Helpful Answer (2)
Reply to PeggySue2020
Isthisrealyreal Nov 17, 2022
Peggy, I think that the name of a facility doesn't make it bad.

Brookdale in Tucson has the best rehabilitation facility in the city, barring true full-time rehab centers. They have good patient to aide ratios throughout and have high ratings. People we met have been transferred from around the states to be here. It is about management as much as corporate rules.

No facility provides the one on one care a person receives in home care. That is just the reality and quite frankly, more people would be able to stay home if they didn't expect to have their caregiver ask how high when they say jump. My dad had telepathic connections with my chair, as soon as my bum was headed for the seat, he hollered. He learned that I don't have very good hearing and my response time is not so great either :-) so he didn't expect the facility to jump because he called and it helped him adjust.
Karen22: Perhaps your mother should opt for residence in an assisted living facility.
Helpful Answer (2)
Reply to Llamalover47

Reassure her, as many times as you have to, that she is not a burden. If there is a way to move her downstairs to where primary home 'action' takes place, do it. It will be easier for both of you to stop the stair climbing. Instead of being secluded to a room, she will be more a part of your family unit.

On a lower floor, perhaps she can rehab a little to do a few things around the house to feel more useful. Laundry folding is a good task (exercise for arms, too). Another task might be sorting the plastic storage bowls and matching lids (those always get out of control with me). You might give her a notebook to keep a grocery list going - when you're out, tell her to put on the list. Make her feel useful. Good for the body and the mind.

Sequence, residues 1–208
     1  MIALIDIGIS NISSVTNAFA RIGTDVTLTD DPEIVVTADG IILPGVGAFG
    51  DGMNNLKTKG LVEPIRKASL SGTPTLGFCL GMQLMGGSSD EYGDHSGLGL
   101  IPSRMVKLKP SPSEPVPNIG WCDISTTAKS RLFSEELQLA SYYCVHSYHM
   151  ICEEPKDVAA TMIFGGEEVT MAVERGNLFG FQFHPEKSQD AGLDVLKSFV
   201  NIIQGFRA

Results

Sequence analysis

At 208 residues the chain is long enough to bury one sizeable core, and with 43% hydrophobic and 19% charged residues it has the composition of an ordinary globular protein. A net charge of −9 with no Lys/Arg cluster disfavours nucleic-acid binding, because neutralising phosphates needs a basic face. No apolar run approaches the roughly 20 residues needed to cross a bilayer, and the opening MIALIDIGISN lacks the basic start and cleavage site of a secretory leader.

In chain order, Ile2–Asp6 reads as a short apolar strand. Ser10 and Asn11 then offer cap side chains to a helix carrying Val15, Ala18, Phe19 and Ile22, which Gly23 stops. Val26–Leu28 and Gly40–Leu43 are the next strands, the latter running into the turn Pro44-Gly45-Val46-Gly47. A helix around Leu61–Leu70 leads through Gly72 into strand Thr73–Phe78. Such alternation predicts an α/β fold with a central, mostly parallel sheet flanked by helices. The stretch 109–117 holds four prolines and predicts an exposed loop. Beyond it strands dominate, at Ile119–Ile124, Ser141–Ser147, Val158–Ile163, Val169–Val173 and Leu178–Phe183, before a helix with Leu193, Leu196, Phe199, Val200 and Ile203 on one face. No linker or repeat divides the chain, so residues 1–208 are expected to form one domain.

The aid is most useful to both of you. Allows her communication and social interaction with others and helps you with her needs. If her finances allow, increase the care to 3-4 or more times a week. Call her doctor and ask for in-home physical therapy as well. Medicare covers physical therapy (legs) and occupational therapy (upper body) for limited periods of time. If you do request therapy, ask the home health company to do one first and when it wraps up, start the other. It keeps the therapy ongoing longer. That means another person coming to the house (that you don't have to pay) to help get her stronger and outside social contact.
Helpful Answer (5)
Reply to my2cents

Assisted Living is a good option for BOTH of you now. Mom will get lots of socialization with people her own age, activities, meals, outings, and all sorts of fun things going on that are NOT going on in her bedroom in your home. That's the truth. Those who fight AL off like it's some kind of dungeon just don't understand that AL is more like a nice hotel day camp for seniors, complete with 24/7 caregivers on hand IF needed. Laundry is done, meals are cooked and served in a beautiful dining room, etc. The library is stocked with books, musicians come in to entertain the residents during happy hour........card games are played, bingo, games, all sorts of things. My parents loved life in AL and in IL before that. Check out Atria or Sunrise or any number of places in your area. Or ask Karen on the right hand side of your screen to help you find a few places to tour and see for yourself what I'm talking about.

If mom knows she's a burden and is suffering anxiety as a result, then offer her an alternative to being a burden: AUTONOMY in her own apartment. With care available IF she needs it, but not if she doesn't. And you going to visit her frequently. With doctors coming in to see HER on site or a mini bus to take her where she wants to go.